As students begin to pack up and head home for the summer, some may realize that the overdue library books piled up in their dorm rooms are going to cost them a pretty penny.
More than 2,400 people owe $25 or more in Gelman late fees, while 1,380 library customers owe at least $50 to GW’s main library, circulation department head Barbra Tschida said.
When students or faculty exceed the $25 limit, they are barred from checking out new materials until the fee is paid. If students’ late fees add up to more than $50, a hold is placed on their account, which can keep them from graduating, registering for classes and receiving a transcript.
“The purpose of late fees is to encourage people to get the materials back so that they are available to the GW community,” said Gayle Etschmaier, associate librarian for Public Services. “We charge late fees in order to secure availability of sources,” she said, adding that Gelman doesn’t use its late fees as a source of revenue.
But thanks to the creation of an online renewal system, students are now able to renew their overdue library books with a click of the mouse, saving them both time and money.
“A year ago we were not able to send e-mail notices before students’ books were due. Over the past few years late fees have decreased dramatically because students can now manage their accounts online,” Etschmaier said.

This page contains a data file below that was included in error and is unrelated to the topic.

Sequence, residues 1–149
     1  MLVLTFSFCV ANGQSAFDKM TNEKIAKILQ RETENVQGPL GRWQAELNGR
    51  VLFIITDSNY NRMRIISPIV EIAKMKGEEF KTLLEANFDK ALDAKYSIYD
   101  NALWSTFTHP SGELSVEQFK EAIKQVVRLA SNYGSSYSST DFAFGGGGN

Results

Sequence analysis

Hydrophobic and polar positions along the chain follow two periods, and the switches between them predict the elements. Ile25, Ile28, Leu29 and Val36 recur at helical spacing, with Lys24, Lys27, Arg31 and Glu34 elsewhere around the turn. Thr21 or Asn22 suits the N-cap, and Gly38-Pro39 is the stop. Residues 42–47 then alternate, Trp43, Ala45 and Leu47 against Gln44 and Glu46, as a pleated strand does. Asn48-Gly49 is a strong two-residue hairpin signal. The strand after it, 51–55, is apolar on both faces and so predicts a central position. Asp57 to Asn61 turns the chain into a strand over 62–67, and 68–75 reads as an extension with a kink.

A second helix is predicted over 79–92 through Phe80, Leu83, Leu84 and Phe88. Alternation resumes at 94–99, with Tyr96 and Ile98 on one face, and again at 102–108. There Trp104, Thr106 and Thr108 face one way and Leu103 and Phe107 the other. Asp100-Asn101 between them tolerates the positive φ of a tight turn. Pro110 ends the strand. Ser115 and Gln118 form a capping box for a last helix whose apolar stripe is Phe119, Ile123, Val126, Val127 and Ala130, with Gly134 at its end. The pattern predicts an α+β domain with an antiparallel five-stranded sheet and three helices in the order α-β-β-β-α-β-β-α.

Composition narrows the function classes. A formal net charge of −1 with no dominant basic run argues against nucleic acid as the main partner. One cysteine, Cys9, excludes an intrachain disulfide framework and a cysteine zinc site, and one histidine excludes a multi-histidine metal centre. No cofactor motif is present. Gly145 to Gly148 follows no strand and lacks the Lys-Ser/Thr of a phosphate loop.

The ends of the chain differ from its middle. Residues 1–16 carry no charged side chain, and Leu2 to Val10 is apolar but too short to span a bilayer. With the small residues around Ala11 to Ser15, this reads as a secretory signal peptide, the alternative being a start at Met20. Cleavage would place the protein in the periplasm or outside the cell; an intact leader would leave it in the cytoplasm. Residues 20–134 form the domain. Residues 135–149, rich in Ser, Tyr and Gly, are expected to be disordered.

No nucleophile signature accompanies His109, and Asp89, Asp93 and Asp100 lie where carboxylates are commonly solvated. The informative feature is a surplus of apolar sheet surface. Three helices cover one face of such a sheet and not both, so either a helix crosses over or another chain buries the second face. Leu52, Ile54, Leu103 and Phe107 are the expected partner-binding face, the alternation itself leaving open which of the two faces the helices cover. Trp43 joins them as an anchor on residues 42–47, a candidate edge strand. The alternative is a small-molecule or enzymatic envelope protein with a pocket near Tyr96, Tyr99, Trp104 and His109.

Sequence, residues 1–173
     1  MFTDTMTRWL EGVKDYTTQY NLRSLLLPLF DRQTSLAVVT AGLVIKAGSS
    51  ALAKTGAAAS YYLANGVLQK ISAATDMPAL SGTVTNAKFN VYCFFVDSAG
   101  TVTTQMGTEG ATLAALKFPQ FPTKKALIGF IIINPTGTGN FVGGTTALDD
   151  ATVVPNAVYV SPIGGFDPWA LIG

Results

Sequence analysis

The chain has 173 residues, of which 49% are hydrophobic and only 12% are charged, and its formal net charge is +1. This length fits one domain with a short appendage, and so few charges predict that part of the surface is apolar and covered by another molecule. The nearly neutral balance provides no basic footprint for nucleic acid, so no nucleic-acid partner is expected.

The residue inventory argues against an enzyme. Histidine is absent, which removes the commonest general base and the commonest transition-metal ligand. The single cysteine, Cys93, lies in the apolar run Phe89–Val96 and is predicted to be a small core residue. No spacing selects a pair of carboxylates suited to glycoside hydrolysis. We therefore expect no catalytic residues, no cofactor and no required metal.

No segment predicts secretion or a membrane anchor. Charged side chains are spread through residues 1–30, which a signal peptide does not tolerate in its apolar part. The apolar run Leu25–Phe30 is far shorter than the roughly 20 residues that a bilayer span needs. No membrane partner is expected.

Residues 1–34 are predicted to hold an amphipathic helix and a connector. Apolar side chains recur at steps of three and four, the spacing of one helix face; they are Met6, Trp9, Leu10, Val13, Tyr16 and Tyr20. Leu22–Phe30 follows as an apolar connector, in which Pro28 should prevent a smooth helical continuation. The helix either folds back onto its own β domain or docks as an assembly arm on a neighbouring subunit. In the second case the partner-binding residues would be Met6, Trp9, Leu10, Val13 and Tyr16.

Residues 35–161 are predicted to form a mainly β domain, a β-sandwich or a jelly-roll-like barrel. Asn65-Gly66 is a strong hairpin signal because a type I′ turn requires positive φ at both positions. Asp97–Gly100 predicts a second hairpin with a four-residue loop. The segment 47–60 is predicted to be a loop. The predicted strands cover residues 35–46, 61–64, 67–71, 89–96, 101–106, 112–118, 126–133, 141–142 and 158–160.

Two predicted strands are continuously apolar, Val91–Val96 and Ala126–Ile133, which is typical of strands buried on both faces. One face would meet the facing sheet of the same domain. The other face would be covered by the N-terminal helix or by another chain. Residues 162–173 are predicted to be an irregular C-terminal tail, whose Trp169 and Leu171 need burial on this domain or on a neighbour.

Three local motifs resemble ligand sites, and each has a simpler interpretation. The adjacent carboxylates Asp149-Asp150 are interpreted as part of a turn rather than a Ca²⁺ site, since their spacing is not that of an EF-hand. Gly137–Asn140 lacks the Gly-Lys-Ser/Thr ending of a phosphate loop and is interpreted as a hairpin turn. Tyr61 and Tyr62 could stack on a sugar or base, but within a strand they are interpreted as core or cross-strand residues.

Despite this service, there are still those who have not yet mastered the ways of avoiding library late fees.
When freshman Abigail Aufgang checked out books from both Gelman and the library at George Mason University, she was only able to renew the GW books online; she never received an e-mail regarding the books from George Mason. Aufgang was later warned that she had accumulated a large fee for the George Mason books that she was never notified were late.
By lowering its late fees and holding charity events, Gelman is encouraging library patrons to return their overdue books. Two years ago the late fee rate was 50 cents per day; now, students are charged 25 cents. Last year the library held a canned goods drive that allowed students to return their overdue books without paying a fine if they donated food.
Etschmaier deemed last year’s end-of-the-year drive a “success,” with several students using their leftover GWorld money to purchase inexpensive canned goods in exchange for late charges. The Gelman staff has discussed plans to hold the event again in the near future.